FMCSA responds to OOIDA’s petition for rehearing in sleep apnea case
March 19, 2018
In response to OOIDA’s petition for a rehearing en banc for its lawsuit that claimed the Federal Motor Carrier Safety Administration bypassed the rulemaking process in order to regulate obstructive sleep apnea, the agency said “further review would not affect the ultimate outcome of this case.”
The FMCSA filed its response on March 15 in the U.S. Court of Appeals for the Eighth Circuit. OOIDA petitioned for the rehearing on Feb. 20 after the Eighth Circuit panel ruled against the Association in January, saying the case “lacked standing.”
The lawsuit, filed last April, alleged that the FMCSA slipped regulations regarding sleep apnea into a 2015 final rule that required the agency’s certified medical examiners to use a new medical form. OOIDA argued that the FMCSA incorporated into the Code of Federal Regulations an Appendix A that the agency didn’t include in its notice of proposed rulemaking.
Appendix A was a detailed list of medical criteria that included obstructive sleep apnea as one of the areas for medical examiners to review when deciding whether to medically certify a driver.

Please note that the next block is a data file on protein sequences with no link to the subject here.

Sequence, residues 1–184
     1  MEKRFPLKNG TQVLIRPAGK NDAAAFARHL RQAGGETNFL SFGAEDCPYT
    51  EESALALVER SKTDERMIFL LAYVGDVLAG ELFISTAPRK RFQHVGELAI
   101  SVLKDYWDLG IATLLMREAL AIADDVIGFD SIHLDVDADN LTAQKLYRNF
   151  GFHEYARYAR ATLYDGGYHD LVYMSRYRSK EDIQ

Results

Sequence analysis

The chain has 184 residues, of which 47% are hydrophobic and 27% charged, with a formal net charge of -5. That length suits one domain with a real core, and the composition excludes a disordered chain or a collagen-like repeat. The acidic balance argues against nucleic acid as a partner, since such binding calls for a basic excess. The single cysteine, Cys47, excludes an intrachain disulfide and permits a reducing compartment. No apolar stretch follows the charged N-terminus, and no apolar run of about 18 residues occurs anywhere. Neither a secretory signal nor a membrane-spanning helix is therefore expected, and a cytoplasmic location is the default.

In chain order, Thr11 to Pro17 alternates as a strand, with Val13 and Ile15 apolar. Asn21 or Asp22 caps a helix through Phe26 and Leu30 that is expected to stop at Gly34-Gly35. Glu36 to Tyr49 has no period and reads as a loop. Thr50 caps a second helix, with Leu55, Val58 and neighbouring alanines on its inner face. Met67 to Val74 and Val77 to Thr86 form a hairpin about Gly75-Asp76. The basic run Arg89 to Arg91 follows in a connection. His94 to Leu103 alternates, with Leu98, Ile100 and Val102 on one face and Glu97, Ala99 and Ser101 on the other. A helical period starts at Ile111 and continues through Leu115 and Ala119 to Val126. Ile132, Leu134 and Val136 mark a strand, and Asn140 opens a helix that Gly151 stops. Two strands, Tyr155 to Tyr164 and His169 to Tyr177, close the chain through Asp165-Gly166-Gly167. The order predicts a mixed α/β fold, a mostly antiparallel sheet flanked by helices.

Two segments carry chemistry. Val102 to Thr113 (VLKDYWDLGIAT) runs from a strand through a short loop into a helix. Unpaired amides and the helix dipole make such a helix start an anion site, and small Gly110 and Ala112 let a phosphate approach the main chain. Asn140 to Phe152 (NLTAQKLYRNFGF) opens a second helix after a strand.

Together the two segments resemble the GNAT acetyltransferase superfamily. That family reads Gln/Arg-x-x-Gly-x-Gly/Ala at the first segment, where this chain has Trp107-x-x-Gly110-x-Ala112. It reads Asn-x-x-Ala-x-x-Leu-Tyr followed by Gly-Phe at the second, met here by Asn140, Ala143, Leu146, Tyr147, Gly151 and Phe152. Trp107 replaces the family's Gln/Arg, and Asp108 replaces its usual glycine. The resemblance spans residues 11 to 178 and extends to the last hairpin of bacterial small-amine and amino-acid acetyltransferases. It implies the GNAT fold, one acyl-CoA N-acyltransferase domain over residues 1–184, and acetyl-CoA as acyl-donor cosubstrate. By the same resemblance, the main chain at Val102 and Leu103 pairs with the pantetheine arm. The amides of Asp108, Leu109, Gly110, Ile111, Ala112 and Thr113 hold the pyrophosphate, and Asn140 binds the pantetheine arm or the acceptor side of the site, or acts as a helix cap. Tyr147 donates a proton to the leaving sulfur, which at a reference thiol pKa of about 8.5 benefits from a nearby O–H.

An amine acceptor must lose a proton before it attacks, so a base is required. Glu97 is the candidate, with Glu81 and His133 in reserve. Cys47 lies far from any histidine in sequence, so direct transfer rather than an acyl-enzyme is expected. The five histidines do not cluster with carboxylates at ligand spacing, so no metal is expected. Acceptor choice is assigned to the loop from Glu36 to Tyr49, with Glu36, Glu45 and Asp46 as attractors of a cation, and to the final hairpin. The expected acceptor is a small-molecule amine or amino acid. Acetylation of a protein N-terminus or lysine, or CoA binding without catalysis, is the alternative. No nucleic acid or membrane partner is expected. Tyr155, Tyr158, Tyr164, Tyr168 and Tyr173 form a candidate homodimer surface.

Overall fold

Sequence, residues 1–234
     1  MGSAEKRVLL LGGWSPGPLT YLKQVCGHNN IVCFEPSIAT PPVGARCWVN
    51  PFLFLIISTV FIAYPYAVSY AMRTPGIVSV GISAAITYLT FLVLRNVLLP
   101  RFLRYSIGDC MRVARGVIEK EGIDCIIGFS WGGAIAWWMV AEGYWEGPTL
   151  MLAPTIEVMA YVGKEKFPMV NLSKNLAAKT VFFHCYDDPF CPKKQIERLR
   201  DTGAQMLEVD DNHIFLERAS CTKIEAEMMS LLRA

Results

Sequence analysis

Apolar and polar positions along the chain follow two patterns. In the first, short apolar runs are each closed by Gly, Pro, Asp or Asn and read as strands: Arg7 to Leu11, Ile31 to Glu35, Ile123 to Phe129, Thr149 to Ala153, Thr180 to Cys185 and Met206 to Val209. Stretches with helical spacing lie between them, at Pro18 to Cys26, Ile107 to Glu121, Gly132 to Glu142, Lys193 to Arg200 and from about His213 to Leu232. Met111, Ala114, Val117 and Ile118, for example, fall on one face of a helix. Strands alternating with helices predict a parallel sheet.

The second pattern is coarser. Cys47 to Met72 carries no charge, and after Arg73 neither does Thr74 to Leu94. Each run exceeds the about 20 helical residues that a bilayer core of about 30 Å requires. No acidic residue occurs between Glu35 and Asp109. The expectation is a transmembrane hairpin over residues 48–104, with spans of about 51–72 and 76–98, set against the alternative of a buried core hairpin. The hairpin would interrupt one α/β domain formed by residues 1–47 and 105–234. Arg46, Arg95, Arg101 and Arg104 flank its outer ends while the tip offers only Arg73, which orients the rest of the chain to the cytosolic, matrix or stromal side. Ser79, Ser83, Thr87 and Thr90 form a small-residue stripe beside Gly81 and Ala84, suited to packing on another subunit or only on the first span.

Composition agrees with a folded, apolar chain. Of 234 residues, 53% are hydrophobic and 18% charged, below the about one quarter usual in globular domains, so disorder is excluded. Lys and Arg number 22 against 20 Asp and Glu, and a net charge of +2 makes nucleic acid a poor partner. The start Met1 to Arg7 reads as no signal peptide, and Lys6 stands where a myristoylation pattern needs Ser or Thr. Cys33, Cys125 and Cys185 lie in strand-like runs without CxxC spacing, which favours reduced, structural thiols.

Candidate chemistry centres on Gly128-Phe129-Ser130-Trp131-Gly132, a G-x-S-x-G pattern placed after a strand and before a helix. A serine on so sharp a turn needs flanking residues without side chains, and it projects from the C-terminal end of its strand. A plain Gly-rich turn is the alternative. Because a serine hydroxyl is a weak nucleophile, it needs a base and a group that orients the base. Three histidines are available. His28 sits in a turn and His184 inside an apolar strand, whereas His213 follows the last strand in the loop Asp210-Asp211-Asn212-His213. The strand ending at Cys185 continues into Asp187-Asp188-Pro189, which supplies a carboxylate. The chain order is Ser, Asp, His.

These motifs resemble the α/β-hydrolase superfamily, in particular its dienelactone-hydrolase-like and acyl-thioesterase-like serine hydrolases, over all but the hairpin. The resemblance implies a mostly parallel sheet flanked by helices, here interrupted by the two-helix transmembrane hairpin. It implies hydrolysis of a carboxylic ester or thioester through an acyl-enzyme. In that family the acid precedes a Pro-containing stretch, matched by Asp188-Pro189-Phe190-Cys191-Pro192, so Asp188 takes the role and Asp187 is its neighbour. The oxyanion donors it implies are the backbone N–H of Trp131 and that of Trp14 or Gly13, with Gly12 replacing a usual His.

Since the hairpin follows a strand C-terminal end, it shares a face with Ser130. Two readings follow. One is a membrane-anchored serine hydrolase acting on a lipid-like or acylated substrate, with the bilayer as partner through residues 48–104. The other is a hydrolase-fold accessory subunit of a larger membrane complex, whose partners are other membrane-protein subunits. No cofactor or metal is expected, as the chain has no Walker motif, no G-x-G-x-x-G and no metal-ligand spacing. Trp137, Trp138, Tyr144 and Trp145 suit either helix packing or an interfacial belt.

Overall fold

OOIDA argued the action wasn’t subject to public comment or a cost-benefit analysis.
In the petition for a rehearing, OOIDA said the panel ignored the violation of petitioners’ procedural rights as a basis for standing and that the panel overlooked OOIDA’s associational standing.
“FMCSA’s guidance documents created a nonuniform, unpredictable and sometimes costly medical certification process,” OOIDA said. “OOIDA members received or were denied medical certification depending on which medical examiner they went to and that examiner’s interpretation of the guidance. Now that FMCSA has elevated those same advisory criteria to a legally enforceable rule, the harm they impose on truck drivers is not speculative, it is certain.”
The FMCSA agreed with the Eighth Circuit’s decision that OOIDA’s case lacked standing.
“The panel examined petitioners’ two affidavits in light of controlling Supreme Court and Eighth Circuit precedent and concluded that the affidavits were insufficient to establish causation, a required element of Article III standing,” FMCSA said in its response. “The panel opinion is correct, does not conflict with any decision of this Court or the Supreme Court, and does not present any questions of exceptional importance. Further review is unwarranted.”
If the court accepts OOIDA’s petition for a rehearing en banc, the case will be heard by the whole panel of Eighth Circuit judges.